U.S.-Africa Summit: China Was the Dragon in the Room
Forty nine African heads of state and government gathered in Washington, Dec. 13-15 for the second U.S.-Africa Summit. All the participants, and all other world leaders, were well aware that President Biden had decided to organize the conference in order to build political traction in Africa as a counter to China, in particular, and secondarily to Russia.
While U.S. officials issued many warnings privately about Beijing’s alleged “debt traps”, there was little mention of such subjects in in the public program, undoubtedly for fear of blowback. The Biden Administration has apparently realized that African leaders welcome the infrastructure projects and real development that China has brought to the continent, and will not reject such initiatives, much less fall into an China-bashing trap.
The importance of China as an economic player in Africa has long since outstripped that of the United States. According to the U.S. Institute of Peace, a federal government institution, two-way trade between China and Africa in 2021 was four times greater than that of U.S. with Africa. In terms of foreign direct investment, which supports hundreds of thousands of jobs locally, China provides roughly double the level of the U.S. Overall, China remains by far the largest lender to African countries.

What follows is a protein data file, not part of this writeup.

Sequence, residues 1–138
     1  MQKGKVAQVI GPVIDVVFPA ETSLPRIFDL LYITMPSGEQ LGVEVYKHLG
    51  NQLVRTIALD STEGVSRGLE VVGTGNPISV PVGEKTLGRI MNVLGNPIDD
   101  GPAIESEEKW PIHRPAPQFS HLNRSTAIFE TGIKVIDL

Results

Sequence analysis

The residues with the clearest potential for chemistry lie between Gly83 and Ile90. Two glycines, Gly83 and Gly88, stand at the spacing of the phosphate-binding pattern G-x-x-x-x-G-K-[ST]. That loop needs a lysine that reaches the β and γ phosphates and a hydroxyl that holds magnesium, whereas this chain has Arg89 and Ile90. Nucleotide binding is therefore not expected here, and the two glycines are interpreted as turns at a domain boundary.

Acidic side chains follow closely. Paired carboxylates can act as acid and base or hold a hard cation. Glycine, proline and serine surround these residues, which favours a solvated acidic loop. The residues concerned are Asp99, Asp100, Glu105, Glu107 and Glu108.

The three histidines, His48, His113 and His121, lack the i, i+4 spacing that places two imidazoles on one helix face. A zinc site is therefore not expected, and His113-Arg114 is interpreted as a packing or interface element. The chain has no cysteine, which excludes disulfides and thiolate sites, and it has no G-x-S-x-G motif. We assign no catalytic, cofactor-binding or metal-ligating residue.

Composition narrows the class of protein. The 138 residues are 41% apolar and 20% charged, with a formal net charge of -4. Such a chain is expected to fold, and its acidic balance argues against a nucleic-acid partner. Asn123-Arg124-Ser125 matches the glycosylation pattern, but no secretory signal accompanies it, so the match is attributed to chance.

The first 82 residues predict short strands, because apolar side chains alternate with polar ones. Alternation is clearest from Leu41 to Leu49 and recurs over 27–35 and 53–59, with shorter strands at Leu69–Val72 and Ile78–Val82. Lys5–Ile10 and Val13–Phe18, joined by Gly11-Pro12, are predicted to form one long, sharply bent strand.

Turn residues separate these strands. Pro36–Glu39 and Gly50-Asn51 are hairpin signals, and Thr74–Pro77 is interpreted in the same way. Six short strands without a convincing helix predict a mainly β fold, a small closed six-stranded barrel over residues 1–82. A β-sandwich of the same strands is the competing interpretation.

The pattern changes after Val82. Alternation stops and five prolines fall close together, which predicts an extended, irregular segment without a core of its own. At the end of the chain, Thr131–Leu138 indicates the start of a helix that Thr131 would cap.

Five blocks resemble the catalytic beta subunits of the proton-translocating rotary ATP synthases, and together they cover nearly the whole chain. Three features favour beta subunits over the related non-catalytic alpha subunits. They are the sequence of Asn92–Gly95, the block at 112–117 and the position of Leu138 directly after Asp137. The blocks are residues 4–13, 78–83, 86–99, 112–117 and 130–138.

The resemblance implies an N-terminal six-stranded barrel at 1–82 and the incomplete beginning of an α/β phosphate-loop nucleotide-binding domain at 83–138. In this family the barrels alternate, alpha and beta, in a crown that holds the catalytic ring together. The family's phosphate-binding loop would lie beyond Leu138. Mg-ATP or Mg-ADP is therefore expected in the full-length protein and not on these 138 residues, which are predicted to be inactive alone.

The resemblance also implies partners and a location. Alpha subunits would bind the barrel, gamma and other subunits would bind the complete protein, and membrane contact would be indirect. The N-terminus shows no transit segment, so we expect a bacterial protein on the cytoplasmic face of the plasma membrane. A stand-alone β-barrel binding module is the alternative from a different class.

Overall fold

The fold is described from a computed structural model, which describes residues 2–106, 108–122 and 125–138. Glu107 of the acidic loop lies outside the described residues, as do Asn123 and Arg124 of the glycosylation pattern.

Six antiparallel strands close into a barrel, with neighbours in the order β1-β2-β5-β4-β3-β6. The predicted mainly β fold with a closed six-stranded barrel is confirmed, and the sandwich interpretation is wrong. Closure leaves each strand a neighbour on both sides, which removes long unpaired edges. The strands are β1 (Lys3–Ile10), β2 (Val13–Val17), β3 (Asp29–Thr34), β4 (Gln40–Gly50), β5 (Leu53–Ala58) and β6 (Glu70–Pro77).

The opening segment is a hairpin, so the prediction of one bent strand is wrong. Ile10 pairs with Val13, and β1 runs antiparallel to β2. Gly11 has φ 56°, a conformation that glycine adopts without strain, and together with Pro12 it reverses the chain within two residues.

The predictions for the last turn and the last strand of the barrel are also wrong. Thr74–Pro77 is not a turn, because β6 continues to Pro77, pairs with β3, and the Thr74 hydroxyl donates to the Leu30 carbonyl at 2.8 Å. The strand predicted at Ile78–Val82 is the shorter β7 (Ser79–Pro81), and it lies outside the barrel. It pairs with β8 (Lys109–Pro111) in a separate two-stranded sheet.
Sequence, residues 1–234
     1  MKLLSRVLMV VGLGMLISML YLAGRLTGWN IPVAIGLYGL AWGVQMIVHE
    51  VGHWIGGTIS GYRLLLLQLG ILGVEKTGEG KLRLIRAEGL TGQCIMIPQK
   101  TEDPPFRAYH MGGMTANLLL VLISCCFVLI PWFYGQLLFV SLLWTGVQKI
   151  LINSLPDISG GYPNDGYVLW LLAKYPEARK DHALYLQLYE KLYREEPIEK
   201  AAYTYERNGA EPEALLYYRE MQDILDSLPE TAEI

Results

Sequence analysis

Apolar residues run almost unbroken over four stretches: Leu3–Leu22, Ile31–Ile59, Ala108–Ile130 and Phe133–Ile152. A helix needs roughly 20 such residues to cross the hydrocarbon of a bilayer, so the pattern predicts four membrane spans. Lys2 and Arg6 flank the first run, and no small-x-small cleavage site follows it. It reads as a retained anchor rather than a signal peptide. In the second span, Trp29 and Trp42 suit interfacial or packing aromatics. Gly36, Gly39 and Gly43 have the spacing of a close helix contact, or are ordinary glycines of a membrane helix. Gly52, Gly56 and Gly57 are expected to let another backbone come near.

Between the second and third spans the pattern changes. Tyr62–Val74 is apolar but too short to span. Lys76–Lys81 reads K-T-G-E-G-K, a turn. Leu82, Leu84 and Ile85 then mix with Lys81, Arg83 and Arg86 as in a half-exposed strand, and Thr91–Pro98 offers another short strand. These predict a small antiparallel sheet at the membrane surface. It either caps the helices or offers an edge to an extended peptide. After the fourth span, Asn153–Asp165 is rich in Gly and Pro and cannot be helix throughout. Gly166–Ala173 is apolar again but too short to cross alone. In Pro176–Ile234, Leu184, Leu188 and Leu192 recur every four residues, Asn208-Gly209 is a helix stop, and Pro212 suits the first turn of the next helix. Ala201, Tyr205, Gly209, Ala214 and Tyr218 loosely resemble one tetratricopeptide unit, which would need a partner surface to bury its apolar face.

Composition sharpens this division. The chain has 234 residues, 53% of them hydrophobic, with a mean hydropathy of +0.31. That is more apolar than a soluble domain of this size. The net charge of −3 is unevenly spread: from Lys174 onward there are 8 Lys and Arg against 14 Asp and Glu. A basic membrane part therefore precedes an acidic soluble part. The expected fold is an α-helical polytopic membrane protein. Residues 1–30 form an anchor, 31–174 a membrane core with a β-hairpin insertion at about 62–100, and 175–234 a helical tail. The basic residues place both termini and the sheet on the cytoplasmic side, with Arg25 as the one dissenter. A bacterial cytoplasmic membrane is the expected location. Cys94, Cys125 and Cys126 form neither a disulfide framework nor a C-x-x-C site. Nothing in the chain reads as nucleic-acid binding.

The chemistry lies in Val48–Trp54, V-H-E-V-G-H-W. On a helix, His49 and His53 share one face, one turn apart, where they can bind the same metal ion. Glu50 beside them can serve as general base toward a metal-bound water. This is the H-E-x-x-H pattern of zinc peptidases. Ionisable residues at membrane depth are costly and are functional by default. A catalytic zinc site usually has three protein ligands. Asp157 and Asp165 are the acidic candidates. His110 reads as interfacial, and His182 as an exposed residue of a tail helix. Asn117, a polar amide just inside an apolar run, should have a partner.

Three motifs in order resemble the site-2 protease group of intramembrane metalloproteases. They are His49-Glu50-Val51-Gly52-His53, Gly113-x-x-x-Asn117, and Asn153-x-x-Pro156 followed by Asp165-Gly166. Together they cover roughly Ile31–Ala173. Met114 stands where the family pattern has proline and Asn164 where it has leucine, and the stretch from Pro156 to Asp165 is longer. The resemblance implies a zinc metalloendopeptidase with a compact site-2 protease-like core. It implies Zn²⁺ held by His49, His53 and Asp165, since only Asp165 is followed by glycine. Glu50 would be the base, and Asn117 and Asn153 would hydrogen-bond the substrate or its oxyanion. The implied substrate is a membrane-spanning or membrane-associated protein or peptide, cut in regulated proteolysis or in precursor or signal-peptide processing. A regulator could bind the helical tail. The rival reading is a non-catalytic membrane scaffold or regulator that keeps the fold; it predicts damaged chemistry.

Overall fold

While the relationship to Russia is somewhat different, few African leaders have swallowed NATO propaganda on Ukraine, having understood the deeper reasons for the proxy war. Moreover, they are aware that Western sanctions are responsible for blocking the delivery of vital grain supplies from Russia and Ukraine to Africa.
Senegal President Macky Sall, the current Chairman of the African Union, summed up the African position in remarks to the New York Times: “Let no one tell us no, don’t work with so-and-so, just work with us. We want to work and trade with everyone.”
There were promises from Washington for expanded trade and investments, with White House officials mentioning the figure of $55 billion in aid to Africa over the next five years. What this will entail is not clear. The Biden Administration has talked of promoting the digital economy, mainly in an effort to undercut the role of Huawei, as well as the development of renewable energy sources. And as usual, there are pledges of providing funds for promoting “democracies” and “countering disinformation”, in addition to the emergency humanitarian aid.